Integrating professionalism into the curriculum

Helen O'Sullivan*, Walther Van Mook, Ray Fewtrell, Val Wass

*Corresponding author for this work

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Professional values and behaviours are intrinsic to all medical practice yet remain one of the most difficult subjects to integrate explicitly into a curriculum. Professionalism in the twenty-first century raises challenges not only for the adaptation of the medical training programme to changing societal values but also for ensuring that trainees gain the skills for self-directed continuous development and future revalidation. This article is an introduction to the AMEE Guide in Medical Education No 61: Integrating Professionalism into the Curriculum (, which is based on the extensive contemporary available literature. An evidence-based approach has been taken throughout the Guide as it focuses on instilling professionalism positively into both undergraduate and postgraduate training. It takes a structured, stepwise approach and sequentially addresses: (i) agreeing an institutional definition, (ii) structuring the curriculum to integrate learning across all years, (iii) suggesting learning models, (iv) harnessing the impact of the formal, informal and hidden curricula and (v) assessing the learning of the trainee. A few well-evaluated case studies for both teaching and assessment have been selected to illustrate the recommendations.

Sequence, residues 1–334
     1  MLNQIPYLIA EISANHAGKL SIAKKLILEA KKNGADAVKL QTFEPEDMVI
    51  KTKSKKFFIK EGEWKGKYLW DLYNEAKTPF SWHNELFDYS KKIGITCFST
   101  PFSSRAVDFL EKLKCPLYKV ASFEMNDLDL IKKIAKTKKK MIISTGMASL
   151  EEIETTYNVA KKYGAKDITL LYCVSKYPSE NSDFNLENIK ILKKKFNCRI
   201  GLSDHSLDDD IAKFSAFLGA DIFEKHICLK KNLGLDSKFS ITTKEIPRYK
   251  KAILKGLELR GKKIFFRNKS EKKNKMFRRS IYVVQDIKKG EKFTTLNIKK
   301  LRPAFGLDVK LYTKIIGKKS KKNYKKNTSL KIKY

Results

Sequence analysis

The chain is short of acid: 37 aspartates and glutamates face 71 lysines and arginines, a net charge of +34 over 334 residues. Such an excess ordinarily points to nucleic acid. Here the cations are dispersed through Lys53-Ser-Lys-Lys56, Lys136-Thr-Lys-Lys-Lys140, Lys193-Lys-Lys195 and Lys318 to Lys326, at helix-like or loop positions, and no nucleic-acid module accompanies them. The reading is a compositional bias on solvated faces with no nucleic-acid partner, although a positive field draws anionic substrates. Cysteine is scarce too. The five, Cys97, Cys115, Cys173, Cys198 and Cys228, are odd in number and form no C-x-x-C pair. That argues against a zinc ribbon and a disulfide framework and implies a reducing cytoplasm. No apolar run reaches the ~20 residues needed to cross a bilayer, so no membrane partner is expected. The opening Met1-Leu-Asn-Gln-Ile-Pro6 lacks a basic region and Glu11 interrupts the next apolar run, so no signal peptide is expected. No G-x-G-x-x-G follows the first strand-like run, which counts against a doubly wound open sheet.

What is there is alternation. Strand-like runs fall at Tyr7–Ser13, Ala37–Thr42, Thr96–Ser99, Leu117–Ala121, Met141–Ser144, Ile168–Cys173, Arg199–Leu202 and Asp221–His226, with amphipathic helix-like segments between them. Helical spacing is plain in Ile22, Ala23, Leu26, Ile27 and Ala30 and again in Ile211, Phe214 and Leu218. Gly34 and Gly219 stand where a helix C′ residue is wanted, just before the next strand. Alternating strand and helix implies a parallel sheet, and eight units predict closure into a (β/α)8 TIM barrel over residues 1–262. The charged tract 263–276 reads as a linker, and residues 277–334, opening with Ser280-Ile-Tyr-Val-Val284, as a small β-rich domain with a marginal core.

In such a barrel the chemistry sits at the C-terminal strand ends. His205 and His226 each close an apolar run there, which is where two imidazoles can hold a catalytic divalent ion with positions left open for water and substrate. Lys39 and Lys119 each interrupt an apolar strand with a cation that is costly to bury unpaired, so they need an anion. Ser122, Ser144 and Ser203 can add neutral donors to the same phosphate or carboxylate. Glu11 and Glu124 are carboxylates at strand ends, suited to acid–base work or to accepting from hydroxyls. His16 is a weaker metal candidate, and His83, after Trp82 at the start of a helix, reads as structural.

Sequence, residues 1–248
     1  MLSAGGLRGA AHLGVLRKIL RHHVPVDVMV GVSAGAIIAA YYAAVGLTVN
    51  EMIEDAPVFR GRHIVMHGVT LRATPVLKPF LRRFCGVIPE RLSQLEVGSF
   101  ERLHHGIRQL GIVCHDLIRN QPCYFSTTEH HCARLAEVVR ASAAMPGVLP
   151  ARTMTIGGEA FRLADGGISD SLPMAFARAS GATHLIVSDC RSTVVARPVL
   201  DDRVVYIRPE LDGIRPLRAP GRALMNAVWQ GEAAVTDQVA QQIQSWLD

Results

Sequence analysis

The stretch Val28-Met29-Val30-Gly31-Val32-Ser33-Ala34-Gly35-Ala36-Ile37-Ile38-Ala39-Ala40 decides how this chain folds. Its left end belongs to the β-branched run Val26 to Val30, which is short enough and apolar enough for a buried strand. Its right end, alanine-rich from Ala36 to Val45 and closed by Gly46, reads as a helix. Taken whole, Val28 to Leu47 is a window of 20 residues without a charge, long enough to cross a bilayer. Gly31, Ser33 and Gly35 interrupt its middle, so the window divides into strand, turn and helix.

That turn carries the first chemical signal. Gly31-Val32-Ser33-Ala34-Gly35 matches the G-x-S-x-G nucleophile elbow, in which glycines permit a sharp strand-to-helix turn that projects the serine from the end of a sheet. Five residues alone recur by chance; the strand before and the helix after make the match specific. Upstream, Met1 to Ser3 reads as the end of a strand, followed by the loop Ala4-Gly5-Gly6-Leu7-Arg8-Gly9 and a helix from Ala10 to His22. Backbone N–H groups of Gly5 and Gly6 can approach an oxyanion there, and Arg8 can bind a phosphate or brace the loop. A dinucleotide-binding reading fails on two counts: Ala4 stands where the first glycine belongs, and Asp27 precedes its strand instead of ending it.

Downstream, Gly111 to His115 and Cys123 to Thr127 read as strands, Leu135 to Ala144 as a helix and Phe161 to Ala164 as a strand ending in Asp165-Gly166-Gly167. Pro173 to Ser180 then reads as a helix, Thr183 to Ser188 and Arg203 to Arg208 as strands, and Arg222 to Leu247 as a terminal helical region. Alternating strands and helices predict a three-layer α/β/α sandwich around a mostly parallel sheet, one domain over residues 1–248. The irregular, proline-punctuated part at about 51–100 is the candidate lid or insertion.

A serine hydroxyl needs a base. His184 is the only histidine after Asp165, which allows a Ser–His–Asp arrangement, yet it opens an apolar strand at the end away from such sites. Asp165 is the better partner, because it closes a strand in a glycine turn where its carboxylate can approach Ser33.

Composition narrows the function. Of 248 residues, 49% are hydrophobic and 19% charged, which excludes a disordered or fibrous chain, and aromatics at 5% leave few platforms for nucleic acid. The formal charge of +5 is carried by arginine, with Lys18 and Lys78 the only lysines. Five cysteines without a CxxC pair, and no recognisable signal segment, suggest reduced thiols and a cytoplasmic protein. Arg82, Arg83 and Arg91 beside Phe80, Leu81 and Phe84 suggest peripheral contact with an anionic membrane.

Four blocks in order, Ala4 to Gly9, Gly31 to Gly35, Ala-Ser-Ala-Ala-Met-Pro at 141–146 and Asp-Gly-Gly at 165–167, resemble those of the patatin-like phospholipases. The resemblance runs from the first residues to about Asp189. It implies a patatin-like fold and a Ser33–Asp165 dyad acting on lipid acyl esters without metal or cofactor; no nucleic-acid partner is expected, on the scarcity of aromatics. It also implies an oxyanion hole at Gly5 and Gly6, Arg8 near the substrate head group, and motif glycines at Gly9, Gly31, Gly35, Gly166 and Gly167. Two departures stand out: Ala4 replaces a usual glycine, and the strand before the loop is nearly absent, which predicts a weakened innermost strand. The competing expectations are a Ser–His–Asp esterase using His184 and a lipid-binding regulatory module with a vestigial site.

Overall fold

Original languageEnglish
Pages (from-to)155-157
JournalMedical Teacher
Issue number2
Publication statusPublished - 2012

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